Humans aren’t the only ones who love hops. While we tend to like ours brewed, Colorado’s hops blue butterfly  prefers them wild. These tiny, powdery-blue insects live along the Front Range in tangles of wild hops, a plant distantly related to the hops used for brewing beer.
Rob Schorr and Jeremy Siemers, biologists with the Colorado Natural Heritage Program  (CNHP), came up with an inventive—and on-theme—way to study these rare butterflies. In the summer of 2011, the pair conducted a biological inventory for the Air Force Academy in Colorado Springs to help the entity identify and manage rare species on its land. When Schorr and Siemers stumbled across several hops blue butterflies, they wanted to study the insect in-depth, but lacked the research money to do so. While brainstorming alternative funding sources, Schorr joked that a brewery would love this project. He was right.
Last fall Schorr approached Odell Brewing Company  with a pitch: create a new beer to help raise research money for the hops-loving butterfly. This past weekend Odell released a limited-edition Celastrina Saison  ale, named after the hops blue butterfly’s scientific name, Celastrina humulus. The seasonal brew is crisp, with hints of banana and clove and an earthy, spicy character.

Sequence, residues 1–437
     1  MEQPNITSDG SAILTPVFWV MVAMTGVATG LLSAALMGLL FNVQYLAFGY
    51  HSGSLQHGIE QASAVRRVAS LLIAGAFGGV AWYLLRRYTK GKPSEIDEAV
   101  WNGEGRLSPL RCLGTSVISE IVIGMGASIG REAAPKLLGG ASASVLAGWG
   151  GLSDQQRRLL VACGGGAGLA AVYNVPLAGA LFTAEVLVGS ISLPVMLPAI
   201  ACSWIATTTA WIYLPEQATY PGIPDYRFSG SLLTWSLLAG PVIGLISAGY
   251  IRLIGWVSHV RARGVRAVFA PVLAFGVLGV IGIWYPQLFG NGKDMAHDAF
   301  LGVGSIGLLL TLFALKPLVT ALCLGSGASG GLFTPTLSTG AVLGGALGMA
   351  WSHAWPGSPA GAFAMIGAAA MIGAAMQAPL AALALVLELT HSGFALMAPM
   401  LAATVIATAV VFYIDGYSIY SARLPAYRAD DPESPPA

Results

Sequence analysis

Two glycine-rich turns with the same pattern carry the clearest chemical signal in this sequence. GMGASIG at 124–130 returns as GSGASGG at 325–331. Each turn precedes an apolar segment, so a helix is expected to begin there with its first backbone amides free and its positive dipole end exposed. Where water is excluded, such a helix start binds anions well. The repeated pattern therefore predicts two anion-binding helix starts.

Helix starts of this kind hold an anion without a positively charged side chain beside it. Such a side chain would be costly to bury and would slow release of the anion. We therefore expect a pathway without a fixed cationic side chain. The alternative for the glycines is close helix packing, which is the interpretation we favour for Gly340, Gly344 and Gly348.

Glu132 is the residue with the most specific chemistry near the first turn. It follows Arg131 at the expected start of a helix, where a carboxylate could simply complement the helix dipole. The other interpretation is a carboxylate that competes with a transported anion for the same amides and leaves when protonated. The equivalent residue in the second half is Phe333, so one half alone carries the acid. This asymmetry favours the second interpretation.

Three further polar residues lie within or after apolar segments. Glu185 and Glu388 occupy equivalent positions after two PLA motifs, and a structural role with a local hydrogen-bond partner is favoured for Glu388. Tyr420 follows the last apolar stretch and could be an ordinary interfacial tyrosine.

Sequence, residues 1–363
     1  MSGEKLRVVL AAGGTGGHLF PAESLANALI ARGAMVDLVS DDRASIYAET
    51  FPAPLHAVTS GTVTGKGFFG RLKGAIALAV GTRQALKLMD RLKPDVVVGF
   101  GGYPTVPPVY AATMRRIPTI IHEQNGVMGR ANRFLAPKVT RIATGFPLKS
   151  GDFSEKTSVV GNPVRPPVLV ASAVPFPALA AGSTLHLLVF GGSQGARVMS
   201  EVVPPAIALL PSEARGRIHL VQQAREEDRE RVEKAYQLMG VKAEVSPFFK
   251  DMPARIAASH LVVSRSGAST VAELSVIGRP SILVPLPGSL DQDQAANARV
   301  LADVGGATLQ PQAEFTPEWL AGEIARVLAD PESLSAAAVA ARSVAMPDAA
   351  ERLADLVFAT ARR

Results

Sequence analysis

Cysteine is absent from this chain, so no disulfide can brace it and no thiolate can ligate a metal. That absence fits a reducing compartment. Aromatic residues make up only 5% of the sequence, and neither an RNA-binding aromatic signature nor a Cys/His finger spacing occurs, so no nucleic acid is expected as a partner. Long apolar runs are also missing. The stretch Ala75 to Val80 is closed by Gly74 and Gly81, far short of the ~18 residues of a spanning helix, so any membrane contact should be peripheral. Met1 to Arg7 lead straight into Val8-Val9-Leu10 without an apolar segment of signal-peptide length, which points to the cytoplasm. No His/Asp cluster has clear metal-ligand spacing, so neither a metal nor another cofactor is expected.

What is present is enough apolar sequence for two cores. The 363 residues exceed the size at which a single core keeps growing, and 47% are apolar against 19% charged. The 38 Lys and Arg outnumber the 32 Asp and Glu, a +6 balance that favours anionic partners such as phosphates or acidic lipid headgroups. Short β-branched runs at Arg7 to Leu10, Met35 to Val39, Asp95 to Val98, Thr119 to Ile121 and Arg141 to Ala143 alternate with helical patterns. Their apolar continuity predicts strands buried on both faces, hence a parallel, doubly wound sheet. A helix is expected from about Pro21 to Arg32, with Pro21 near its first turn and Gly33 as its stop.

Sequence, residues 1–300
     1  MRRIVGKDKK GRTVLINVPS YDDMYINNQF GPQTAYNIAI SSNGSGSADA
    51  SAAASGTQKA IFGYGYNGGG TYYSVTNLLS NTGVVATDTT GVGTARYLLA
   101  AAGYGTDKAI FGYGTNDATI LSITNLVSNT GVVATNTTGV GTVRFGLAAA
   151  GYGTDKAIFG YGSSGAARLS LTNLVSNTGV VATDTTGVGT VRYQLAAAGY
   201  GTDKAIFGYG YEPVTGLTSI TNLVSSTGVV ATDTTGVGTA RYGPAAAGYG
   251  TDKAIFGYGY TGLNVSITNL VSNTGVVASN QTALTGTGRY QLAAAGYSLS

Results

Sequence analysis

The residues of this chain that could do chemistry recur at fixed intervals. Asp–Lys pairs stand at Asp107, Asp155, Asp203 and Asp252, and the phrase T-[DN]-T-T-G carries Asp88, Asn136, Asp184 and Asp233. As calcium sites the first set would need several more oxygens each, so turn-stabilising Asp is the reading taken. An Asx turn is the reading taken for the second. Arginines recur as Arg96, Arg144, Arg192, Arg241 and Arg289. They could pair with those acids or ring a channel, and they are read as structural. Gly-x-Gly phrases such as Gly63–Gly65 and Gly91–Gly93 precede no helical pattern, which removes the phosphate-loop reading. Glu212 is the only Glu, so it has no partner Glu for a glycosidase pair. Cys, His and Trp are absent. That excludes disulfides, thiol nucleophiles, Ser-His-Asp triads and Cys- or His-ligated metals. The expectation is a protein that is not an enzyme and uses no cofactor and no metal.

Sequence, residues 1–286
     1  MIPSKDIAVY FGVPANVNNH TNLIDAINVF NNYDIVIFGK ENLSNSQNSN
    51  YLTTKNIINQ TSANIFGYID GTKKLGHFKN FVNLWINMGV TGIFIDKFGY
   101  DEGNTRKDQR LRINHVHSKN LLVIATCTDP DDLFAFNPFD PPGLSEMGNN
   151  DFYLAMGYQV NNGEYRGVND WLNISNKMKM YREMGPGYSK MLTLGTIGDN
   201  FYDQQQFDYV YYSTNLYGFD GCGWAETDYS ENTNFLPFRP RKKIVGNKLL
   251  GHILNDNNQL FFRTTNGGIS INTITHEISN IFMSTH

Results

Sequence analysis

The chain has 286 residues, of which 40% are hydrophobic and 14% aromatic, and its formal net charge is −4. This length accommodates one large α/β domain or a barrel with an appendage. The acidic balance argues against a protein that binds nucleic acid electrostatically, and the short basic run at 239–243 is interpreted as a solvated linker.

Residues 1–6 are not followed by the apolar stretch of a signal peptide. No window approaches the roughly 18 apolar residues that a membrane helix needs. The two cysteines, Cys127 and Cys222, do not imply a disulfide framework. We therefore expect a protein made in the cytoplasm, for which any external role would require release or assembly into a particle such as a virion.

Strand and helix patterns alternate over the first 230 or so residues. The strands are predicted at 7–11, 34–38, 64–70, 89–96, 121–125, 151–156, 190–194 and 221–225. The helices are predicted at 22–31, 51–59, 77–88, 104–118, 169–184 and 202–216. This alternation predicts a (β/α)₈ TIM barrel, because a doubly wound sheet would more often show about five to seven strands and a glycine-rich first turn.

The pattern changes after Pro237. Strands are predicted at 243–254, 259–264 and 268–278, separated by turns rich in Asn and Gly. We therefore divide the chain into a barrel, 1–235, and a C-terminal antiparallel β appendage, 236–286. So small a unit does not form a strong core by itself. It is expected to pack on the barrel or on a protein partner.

Odell will donate one dollar for every bottle sold to the CNHP, which is affiliated with the Warner College of Natural Resources at Colorado State University . The money will help fund research on the hops blue, says Schorr. He hopes to enlist an undergraduate to help him map exactly where the butterfly lives on the Air Force base. Schorr hopes to better understand the butterfly's lifecycle, as well as discover when adult butterflies emerge, how many hops plants are needed to support the insect, and whether the population is healthy.
Get yours: Find Celastrina Saison at liquor stores where Odell is sold.
— Image courtesy of Rob Schorr